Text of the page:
The federal Defense of Marriage Act is rife with “irrationality” that disadvantages same-sex couples in concrete ways, such as imposing tax penalties, and in more subtle ways that its drafters never envisioned, said Roberta Kaplan, a partner at Paul, Weiss, Rifkind, Wharton & Garrison who will argue for the statute’s invalidation before the U.S. Supreme Court in March.

Kaplan made her comments yesterday during a session on the future of DOMA at the New York State Bar Association’s annual meeting at the Hilton New York.

Roberta Kaplan at yesterday’s NYSBA meeting
Rick Kopstein/NYLJ

She said the statute treads on the basic rights that should be afforded to all couples, heterosexual and homosexual, through the institution of marriage.

“The issue in this case is whether there is a sufficient federal interest—a federal interest” in treating married same-sex couples as though they were not married, “essentially nullifying their marriages, for the purposes of all federal law,” Kaplan said.

On March 27, Kaplan will argue in United States v. Windsor that the statute is unconstitutional on several grounds, including its imposition of an estate tax on same-sex couples that does not apply to heterosexual couples.

Kaplan represents Edie Windsor, who married her partner Thea Spyer in Canada in 2007 after the couple had lived together for more than 40 years. Spyer died in 2009 and left her estate to Windsor.

Federal tax statutes would allow the inheritance to pass untaxed from the estate of Spyer to Windsor if they were a married heterosexual couple, but Windsor faces a federal estate tax bill of $363,000—and more than $600,000 over all—because the federal government does not recognize same-sex marriage.

Southern District Judge Barbara Jones (NYLJ, June 7, 2012) and a panel of the U.S. Court of Appeals for the Second Circuit (NYLJ, Oct. 19, 2012) both found that DOMA discriminates against same-sex couples.

Kaplan also will argue in Windsor that the definition of “marriage” under §3 of DOMA as “only a legal union between one man and one woman as husband and wife” violates the Fifth Amendment guarantee of equal protection under the law for legally married same-sex couples.

Yesterday’s DOMA panel was cosponsored by the state bar’s Committee on LGBT People and the Law and the Committee on Civil Rights.

Kaplan said yesterday that being married also carries with it consequences that most people would agree same-sex couples should face, but do not because DOMA precludes the federal government from recognizing same-sex marriage.

She used the example of Representative Barney Frank, D-Mass., and the possibility he could be appointed as U.S. senator should the current senator, John Kerry, be confirmed as U.S. secretary of state. Frank married Jim Ready last July.

“If someone goes to his spouse and offers his spouse $10,000 in cash in order to influence Barney Frank’s vote, that is not a crime under federal law,” Kaplan said. “It’s not bribery. It’s not a federal crime. Why? Because Barney Frank’s spouse is not a ‘spouse’ under federal law. Obviously that is an irrational result. It is a result that I guarantee you, because I’ve read all the legislative history, that Congress never even thought about when they passed DOMA in 1996, in part because I don’t think they had a conception that these marriages were going to happen, or happen anytime soon.”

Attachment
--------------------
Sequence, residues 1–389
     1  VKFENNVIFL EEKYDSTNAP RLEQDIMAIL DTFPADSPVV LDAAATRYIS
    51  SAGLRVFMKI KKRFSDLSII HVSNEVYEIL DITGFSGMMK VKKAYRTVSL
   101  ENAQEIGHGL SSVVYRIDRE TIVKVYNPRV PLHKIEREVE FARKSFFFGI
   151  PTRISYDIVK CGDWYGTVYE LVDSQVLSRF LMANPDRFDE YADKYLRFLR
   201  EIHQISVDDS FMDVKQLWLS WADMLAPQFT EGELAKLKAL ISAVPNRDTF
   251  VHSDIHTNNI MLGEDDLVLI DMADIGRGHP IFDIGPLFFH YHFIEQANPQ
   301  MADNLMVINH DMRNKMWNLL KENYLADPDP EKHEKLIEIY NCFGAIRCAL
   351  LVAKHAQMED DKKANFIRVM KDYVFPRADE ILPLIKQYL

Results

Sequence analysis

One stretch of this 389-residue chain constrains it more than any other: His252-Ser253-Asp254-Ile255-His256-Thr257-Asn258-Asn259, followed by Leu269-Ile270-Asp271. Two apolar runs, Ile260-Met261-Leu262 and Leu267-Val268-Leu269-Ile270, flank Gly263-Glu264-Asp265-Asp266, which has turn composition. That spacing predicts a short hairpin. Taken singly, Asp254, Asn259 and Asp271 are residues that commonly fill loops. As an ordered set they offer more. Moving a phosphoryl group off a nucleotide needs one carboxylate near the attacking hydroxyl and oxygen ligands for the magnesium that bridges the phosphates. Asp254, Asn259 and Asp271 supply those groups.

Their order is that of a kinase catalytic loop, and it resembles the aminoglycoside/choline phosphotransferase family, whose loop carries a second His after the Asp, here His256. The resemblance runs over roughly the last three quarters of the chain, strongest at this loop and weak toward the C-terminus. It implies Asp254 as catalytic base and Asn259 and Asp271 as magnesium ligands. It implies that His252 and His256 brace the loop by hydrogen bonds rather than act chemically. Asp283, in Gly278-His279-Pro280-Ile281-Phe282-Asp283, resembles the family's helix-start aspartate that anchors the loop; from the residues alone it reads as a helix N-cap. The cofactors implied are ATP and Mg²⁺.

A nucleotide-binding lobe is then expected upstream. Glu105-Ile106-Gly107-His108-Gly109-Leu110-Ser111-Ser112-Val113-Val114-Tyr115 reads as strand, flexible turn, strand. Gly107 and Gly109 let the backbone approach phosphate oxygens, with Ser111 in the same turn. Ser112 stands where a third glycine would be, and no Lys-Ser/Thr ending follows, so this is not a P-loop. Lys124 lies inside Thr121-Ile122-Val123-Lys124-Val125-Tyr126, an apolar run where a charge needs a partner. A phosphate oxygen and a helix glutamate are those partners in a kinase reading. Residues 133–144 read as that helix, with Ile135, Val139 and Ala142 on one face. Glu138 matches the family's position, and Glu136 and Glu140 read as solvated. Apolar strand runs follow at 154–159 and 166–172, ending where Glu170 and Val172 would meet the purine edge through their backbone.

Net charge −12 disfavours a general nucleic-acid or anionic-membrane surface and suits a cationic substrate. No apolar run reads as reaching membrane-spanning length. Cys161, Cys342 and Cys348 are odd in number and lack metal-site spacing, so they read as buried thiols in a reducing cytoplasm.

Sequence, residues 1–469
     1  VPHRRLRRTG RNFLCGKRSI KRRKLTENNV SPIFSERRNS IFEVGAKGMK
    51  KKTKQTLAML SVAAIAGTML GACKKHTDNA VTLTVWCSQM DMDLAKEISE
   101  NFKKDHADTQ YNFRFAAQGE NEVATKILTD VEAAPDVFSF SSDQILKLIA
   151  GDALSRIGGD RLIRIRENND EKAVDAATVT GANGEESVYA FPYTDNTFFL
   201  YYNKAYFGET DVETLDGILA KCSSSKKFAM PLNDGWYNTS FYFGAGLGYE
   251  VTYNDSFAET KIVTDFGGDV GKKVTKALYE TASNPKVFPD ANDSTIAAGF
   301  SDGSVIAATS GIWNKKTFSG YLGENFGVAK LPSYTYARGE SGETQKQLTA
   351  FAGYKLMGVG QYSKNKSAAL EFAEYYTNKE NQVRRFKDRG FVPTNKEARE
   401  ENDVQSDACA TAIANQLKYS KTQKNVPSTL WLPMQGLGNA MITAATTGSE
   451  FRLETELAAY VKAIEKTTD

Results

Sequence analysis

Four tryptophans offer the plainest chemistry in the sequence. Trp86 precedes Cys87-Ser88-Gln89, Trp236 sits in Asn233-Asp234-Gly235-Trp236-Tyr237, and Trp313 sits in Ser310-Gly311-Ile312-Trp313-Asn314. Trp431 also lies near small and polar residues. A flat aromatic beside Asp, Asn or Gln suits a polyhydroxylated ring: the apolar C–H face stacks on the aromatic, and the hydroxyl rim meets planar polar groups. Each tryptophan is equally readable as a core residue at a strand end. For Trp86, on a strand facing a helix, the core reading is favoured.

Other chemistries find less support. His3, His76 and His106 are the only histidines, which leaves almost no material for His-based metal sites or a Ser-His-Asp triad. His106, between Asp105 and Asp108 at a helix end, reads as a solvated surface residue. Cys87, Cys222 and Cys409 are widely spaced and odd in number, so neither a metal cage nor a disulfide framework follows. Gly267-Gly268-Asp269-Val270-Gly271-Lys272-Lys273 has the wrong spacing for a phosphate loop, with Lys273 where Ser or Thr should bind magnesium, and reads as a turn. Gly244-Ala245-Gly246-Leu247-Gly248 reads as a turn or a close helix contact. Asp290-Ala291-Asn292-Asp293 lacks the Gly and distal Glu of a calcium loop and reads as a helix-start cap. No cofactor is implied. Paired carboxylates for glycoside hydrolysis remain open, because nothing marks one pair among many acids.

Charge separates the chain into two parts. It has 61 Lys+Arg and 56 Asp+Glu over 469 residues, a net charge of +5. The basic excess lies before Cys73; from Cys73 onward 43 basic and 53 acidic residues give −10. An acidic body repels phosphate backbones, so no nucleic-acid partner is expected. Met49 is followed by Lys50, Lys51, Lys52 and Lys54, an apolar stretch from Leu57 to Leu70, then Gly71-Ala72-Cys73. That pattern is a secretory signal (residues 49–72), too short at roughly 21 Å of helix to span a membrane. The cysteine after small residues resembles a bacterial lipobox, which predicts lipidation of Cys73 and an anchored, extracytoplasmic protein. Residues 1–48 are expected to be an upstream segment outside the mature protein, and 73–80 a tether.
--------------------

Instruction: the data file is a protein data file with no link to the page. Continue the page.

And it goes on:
The day before Kaplan is scheduled to appear at the high court, the justices will hear Hollingsworth v. Perry, a case challenging Proposition 8 of 2008, which prohibited same-sex marriage in California.

Family Law

Appearing yesterday at a luncheon of the state bar’s Family Law Section, Andrew Koppelman, a professor at Northwestern University School of Law, predicted that the Supreme Court will rule in Windsor’s favor but on narrower grounds than same-sex marriage advocates would like. He said the ruling would be based on Romer v. Evans, 517 U.S. 620 (1996), in which the Supreme Court invalidated a Colorado proposition prohibiting recognition of homosexuals as a “protected” class for discrimination purposes.

Koppelman said that such a ruling would provide Windsor relief, but not serve by itself to invalidate the so-called “mini DOMAs” that have been adopted by 35 states since the federal law went into effect.

Koppelman said he doubts the high court wants to reopen a national debate over same-sex marriage, especially since polls indicate that Americans are increasingly in favor of gay marriage.

He cited a recent survey showing that three out of four Americans under the age of 29 favor same-sex marriages.

“In the long-term, it [the same-sex controversy] is dying,” Koppelman said. “The cultural wars over same-sex marriage are over.”

Also appearing before the LGBT and Civil Rights committees’ panel were Touro Law School Professor Lewis Silverman and attorneys Ralph Randazzo of Randazzo & Randazzo in Huntington and Mariette Geldenhuys of Ithaca.

Geldenhuys said that just as many jurisdictions do not recognize a right of a same-sex couples to wed, they also don’t offer same-sex couples a way to divorce.

“Divorce is really one of the biggest benefits of marriage, only a lawyer can get away with saying that,” she said. “What I mean by that is if people sadly come apart and their relationship is not working, there is a structure [through divorce] to try at least to help them come apart in a way that is equitable.”